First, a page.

16 figures, 64 fields and several hundred million players who can carry out 10120 games. Chess, contrary to stereotypes, is an exciting sport. They require outstanding intellectual ability and cunning, so fighting unfair competition is a difficult challenge. Tournaments are sometimes better secured than airports, and participants are subjected to meticulous scrutiny. How do chess players cheat? Discover the spy accessories they use!
Electronic doping in chess
Even the best player does not analyze chess positions as quickly as artificial intelligence algorithms. Back in 1996, Deep Blue’s computer system defeated world champion Garry Kasparov. Since then, we have made a technological milestone in the field of IT. Chess software and miniaturized power tools are widely available, and cheating is easier than ever. The average iPhone can accomplish what Deep Blue can.
Spy accessories to cheat in chess
Cheating in chess is as old a practice as the game itself. Its forms, however, are changing. Until recently, collusion, that is, intentionally drawing or losing during a tournament to help other team members, prevailed.
With the dawn of the smartphone era, or even a while before, texting and sending coded moves in the form of phone numbers came into practice. Over time, players also implemented other technological solutions, including modern spy gadgets.
Bluetooth transmitter in a cap
In 2006, Indian chess player Umakanth Sharma was disqualified for 10 years for unfair competition. The mediocre player, who had so far maintained a steady ranking, had been gaining ranking points in no time for several months. A series of spectacular victories and promotion to the national championship aroused the suspicions of his rivals.
The climax came at the Air Marshal Subroto Fide ranking tournament in Delhi, when Umakanth was inspected with a hand-held metal detector. A search revealed a miniature device that connected via Bluetooth to the computer program Pocet Fritz. Interestingly, the transmitter was sewn into a cap. The man always pulled it over his ears while playing.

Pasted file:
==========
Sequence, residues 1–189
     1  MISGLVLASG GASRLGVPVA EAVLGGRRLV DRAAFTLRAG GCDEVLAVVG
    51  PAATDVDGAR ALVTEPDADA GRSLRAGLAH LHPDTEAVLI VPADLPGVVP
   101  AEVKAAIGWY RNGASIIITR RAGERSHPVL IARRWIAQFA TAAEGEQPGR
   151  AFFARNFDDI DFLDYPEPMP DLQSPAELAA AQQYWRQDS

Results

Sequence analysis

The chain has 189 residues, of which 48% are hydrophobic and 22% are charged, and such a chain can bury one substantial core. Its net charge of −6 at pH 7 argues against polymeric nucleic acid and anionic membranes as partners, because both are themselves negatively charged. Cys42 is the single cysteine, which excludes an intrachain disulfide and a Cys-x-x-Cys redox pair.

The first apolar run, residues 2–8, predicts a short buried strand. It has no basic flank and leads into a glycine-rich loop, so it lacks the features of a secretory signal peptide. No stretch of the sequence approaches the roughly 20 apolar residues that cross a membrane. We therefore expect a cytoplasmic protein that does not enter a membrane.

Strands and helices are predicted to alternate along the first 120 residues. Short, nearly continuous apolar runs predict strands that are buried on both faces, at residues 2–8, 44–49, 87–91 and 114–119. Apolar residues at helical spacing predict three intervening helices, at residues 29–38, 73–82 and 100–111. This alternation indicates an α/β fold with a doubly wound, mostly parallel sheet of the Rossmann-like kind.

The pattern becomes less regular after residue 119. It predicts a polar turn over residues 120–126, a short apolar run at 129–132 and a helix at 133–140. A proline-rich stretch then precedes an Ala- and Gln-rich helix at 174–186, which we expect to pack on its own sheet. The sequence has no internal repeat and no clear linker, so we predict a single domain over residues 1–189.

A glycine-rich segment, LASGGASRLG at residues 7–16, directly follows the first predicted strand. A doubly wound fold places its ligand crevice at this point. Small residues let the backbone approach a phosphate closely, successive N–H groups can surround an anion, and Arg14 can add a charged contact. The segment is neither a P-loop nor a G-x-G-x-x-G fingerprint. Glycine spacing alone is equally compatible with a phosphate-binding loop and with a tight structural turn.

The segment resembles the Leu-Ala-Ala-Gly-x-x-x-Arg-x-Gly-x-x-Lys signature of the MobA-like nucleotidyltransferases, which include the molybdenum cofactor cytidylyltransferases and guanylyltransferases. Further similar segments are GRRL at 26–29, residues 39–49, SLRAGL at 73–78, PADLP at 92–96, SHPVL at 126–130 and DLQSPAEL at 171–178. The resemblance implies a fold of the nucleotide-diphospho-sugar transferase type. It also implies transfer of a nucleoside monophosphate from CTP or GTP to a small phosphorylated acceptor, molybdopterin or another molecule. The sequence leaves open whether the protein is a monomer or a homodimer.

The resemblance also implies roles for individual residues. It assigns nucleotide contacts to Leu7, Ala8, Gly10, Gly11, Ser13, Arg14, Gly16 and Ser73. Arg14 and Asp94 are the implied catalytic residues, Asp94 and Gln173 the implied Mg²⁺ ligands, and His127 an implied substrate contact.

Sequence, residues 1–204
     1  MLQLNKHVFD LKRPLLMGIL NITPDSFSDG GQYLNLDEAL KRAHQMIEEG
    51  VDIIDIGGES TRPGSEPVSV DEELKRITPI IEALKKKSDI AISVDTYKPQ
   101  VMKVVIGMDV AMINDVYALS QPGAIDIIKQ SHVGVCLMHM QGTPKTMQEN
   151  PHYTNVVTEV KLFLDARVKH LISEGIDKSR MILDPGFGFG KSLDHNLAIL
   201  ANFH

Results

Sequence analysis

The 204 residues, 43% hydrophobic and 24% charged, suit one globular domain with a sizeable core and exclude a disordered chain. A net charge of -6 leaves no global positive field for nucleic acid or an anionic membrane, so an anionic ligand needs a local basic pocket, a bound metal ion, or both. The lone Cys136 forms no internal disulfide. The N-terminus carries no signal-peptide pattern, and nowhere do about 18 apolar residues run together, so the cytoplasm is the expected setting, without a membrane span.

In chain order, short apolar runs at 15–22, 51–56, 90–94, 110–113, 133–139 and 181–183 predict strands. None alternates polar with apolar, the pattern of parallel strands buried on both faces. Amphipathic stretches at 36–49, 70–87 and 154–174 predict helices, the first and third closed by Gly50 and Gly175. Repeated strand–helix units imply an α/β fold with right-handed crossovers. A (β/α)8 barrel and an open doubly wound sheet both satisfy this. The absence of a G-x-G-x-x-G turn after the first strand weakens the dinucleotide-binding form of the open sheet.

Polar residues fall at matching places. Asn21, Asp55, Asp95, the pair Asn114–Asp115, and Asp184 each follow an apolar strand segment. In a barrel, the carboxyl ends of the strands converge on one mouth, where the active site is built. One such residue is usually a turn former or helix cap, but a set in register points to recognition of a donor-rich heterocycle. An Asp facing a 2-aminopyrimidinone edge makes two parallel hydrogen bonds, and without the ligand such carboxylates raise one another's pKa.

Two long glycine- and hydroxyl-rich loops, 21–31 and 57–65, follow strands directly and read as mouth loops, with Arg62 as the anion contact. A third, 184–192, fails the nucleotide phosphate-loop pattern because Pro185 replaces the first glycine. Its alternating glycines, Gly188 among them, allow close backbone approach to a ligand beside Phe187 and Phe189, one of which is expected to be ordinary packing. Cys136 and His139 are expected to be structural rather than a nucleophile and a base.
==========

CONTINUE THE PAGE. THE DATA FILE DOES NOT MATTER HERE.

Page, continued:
Mini camera in a pendant
In 2015, Italian chess player Arcangelo Ricciardi, improved a 19th century invention technologically. He used the Morse alphabet and a spy pendant with a hidden mini-camera to communicate with an accomplice during the Imperia chess festival.
This, as in the previous case, the arbiter discovered the device, thanks to a metal detector, and excluded the participant from further participation in the games. Ricciardi himself did not admit to the fraud, and called his pendant a mere good luck charm.
Dictaphone in earplugs
A year later, Stein Tholo Bjørnsen, 52, was caught cheating while playing with a 9-year-old girl. The girl’s father became suspicious of his opponent’s honesty when he noticed that the man often put his left hand to his ear.
The rivalry was stopped after 15 moves. As it turned out, the man was using a Bluetooth micro handset to receive and transmit signals. He tried to hide his device, but it was too late.
The Norwegian Chess Federation did not remain passive. Bjørnsen, as its first ever, was banned from the national competition for life. After all, it’s worth mentioning that just two months earlier he had finished serving a two-year disqualification sentence for other chess offenses.
Radio transmitter in anal beads
The most famous affair, however, was caused by Hans Niemann in 2022. The 19-year-old, who defeated five-time world champion Magnus Carlsen, moved up the rankings faster than anyone else. A display of genius or brilliant cheating?
Chess.com took a look at the teenager and questioned his integrity in more than 100 games. Elon Musk, on the other hand, accused Hans of using vibrating anal beads while playing. These, with the cooperation of a third party, would send signals to the player suggesting his next moves.
Niemann denied it and declared the possibility of playing another game naked (as Robert Bellin did in 1976). The referee also did not confirm the reports, but the organizers said they would introduce additional preventive measures, including RF frequency scanners.
International Chess Commission position